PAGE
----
Benedictine. Died sometime between 1618 and 1630.
Jesuit. Died in 1637.
Born 1605. Jesuit. Seized, imprisoned, but died before trial at Manchester, 20 January 1640.
Thomas Preston (or, Roger Widdrington)
Benedictine. Spent many years in prison and died in the Clink prison, 5 April, 1640.
Benedictine. Died in a prison in 1641.
Blessed William Ward (or, Webster)
Born c. 1560. Ordained in 1608. Imprisoned for three years in Scotland. On obtaining his liberty he came to England where he laboured for thirty years, twenty of which he spent in various prisons as a confessor for the Faith. He was in London when Parliament issued the proclamation of 7 April, 1641, banishing all priests under pain of death, but refused to retire, and on 15 July was arrested in the house of his nephew. Six days later he was brought to trial at the Old Bailey and was condemned on 23 July. He was hanged, drawn, and quartered at Tyburn, 15 or 26 July, 1641, uttering the words, “Jesus, Jesus, Jesus, receive my soul!”
St. Ambrose (Edward) Barlow
Born 1585. Until 1607 he adhered to the Anglican church, but then turned to the Catholic church. Barlow was educated at the Benedictine monastery of St. Gregory in Douai, France, and entered the English College in Valladolid, Spain, on September 20, 1610. He later returned to Douai where his elder brother (William) Rudesind Barlow was a professed monk. Barlow also professed in 1614 and was ordained a priest in 1617. After his ordination to the priesthood in Douai, Barlow was sent to England on the mission in South Lancashire. Pursued by anti-Catholic mobs and Anglican officials, Barlow was imprisoned at least five times for his proselytization. He was caught for the fifth and final time on Easter Sunday, 25 April 1641 and was arrested by the Vicar of Eccles. He was paraded at the head of his parishioners, dressed in his surplice, and was followed by some 400 men armed with clubs and swords. Although he had been preaching at the time of his apprehension, and could possibly have escaped in the confusion, he voluntarily yielded himself to his enemies. He was taken to Lancaster Castle and, after four months’ imprisonment, was tried on September 6th or 7th, and sentenced the following day after confessing to being a Catholic priest. On Friday September 10  he was hanged, drawn and quartered at Lancaster.
Priest. Died in a London prison in 1642.
John Hammond (or, Jackson)
Layman. Died in a London prison in 1642.
Priest. Died in York Castle before execution, in 1642.
Blessed Thomas Green (or, Reynolds)
Born c. 1562. Ordained in 1592. Spent 14 years in prison. He was hanged, drawn, and quartered on 21 January 1642 at Tyburn at age 80, amidst great demonstrations of popular sympathy.
St. Alban (or Bartholomew) Roe
Born c. 1583. Benedictine priest and convert. He was imprisoned twice, for a total of 22 years, meeting his end at Tyburn, where he died by hanging, drawing and quartering on 21 January 1642, amidst great demonstrations of popular sympathy.
Blessed Edward Catherick (or, Huddleston)
Born c. 1605. Ordained c. 1635. Catherick was dragged through the streets of York on a hurdle to the place of execution and hanged, drawn, and quartered on 13 April 1642. His head was placed on Micklegate Bar, and what fragments remained, after the hangman’s butchery, were buried at Toft Green.
Blessed John Lockwood
Born 1561. Ordained in 1597. He was dragged through the streets of York on a hurdle to the place of execution and hanged, drawn, and quartered at age 81 on 13 April 1642.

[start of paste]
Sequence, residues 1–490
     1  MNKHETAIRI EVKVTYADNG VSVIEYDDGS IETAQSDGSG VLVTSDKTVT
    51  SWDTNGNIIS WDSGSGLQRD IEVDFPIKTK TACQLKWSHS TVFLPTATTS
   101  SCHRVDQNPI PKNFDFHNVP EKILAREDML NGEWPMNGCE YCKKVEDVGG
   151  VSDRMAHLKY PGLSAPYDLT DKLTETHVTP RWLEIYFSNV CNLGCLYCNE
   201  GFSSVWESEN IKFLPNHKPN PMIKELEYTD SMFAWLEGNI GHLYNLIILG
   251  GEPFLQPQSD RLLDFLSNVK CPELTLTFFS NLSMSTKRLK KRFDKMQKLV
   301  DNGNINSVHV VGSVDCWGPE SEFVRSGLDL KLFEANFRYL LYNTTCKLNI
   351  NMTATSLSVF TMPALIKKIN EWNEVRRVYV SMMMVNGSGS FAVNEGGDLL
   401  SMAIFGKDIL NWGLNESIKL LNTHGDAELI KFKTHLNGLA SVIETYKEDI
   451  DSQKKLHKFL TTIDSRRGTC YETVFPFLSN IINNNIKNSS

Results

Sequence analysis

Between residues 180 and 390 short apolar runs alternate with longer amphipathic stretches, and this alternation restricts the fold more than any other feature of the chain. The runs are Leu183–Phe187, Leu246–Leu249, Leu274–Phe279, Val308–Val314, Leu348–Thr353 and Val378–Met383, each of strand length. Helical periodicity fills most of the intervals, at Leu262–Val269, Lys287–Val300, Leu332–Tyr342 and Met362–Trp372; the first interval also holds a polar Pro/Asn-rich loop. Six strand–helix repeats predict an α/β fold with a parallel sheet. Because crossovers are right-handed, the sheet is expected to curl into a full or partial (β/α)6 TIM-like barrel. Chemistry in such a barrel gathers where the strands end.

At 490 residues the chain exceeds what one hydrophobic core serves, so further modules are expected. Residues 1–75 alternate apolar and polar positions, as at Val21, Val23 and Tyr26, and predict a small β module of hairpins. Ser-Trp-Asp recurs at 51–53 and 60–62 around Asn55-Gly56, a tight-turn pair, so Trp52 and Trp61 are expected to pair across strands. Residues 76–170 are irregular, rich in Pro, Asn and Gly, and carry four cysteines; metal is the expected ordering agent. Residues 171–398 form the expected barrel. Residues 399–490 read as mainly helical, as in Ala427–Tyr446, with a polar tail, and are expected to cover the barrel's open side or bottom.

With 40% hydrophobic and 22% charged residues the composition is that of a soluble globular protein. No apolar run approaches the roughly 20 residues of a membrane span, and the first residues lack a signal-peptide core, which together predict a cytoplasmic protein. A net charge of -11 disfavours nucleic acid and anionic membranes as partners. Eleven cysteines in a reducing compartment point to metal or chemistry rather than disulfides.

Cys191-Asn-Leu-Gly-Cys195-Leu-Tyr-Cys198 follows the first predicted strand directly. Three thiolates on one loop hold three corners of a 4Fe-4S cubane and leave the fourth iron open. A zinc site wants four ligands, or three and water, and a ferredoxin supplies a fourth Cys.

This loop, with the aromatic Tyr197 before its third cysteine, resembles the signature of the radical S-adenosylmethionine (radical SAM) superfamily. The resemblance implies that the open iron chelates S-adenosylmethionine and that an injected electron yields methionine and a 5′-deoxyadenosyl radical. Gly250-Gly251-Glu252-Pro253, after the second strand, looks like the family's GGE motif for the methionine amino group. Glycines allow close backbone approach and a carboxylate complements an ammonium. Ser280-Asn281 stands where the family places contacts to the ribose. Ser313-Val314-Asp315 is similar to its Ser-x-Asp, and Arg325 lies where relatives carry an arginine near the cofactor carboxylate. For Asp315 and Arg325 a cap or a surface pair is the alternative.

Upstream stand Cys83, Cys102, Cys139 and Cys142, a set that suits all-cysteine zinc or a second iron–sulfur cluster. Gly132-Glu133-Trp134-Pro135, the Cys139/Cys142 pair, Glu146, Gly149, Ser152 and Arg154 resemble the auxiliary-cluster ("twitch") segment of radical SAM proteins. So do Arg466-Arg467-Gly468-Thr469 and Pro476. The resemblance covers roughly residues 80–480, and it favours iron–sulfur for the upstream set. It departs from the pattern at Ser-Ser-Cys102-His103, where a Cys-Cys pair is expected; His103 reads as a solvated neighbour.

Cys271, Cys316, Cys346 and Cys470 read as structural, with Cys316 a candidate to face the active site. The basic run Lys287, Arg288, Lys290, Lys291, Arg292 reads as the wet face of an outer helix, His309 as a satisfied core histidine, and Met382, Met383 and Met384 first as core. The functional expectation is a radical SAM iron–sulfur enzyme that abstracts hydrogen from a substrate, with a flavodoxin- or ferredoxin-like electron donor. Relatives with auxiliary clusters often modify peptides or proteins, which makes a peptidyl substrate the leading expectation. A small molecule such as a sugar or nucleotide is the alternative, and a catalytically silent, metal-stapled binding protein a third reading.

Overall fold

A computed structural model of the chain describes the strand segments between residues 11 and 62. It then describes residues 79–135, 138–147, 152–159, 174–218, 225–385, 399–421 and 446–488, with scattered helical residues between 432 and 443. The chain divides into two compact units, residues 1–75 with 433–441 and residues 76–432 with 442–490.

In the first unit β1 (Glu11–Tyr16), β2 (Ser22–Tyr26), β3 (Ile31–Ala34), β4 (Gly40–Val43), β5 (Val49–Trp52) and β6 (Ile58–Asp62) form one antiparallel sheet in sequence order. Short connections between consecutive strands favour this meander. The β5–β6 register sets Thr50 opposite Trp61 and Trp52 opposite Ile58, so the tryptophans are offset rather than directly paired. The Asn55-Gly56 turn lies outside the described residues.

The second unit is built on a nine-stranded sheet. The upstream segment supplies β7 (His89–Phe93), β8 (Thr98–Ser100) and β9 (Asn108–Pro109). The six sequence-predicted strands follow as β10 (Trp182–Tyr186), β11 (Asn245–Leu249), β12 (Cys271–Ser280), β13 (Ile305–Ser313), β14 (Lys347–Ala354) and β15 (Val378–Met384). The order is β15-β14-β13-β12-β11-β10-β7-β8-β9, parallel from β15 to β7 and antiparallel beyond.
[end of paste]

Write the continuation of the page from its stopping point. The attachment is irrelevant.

Venerable Edward Morgan
Welsh. Ordained c. 1621. He seems to have laboured in his fatherland, and in April, 1629, was in prison in Flintshire, for refusing the oath of allegiance. Later about 1632 he was condemned in the Star Chamber to have his ears nailed to the pillory for having accused certain judges of treason. Immediately afterwards he was committed to the Fleet Prison in London, where he remained until a few days before his execution at Tyburn, on 26 April, 1642.
Blessed Hugh Green
Born c. 1584. Convert. Ordained in 1612. On 8 March, 1641, Charles I, to placate the Puritan Parliament, issued a proclamation banishing all priests from England, and Green resolved to obey this order. Unfortunately the news had been late in reaching him, and when he embarked the month of grace given for departure was just over. He was therefore arrested, tried, and condemned to death in August. Hanged, drawn, and quartered in Dorchester on 19 August, 1642. As the executioner was quite unskilled, he could not find the martyr’s heart, and the butchery with appalling cruelty was prolonged for nearly half an hour. After this the Puritans played football with his head, a barbarity happily not repeated in the history of the English martyrs.
Blessed Thomas Bullaker
Born c. 1604. Ordained Franciscan priest in 1628. On the 11th of September, 1642, Bullaker was seized while celebrating the Holy Sacrifice in the house of the pious benefactress. He was condemned to be drawn on a hurdle to Tyburn and there hanged, cut down alive, quartered and beheaded [carried out at Tyburn on 12 October 1642].
Blessed Thomas Holland
Born in 1600. Ordained as a Jesuit in 1624. He was arrested on suspicion in a London street 4 Oct., 1642, and committed to the New Prison. He was afterwards transferred to Newgate, and arraigned at the Old Bailey, 7 December, for being a priest. There was no conclusive evidence as to this; but as he refused to swear he was not, the jury found him guilty, to the indignation of the Lord Mayor, Sir Isaac Pennington, and another member of the bench named Garroway. On his return to prison great multitudes resorted to him, and he heard many confessions. He was executed at Tyburn, on 12 December, 1642. There he was allowed to make a considerable speech and to say many prayers, and when the cart was turned away, he was left to hang till he was dead.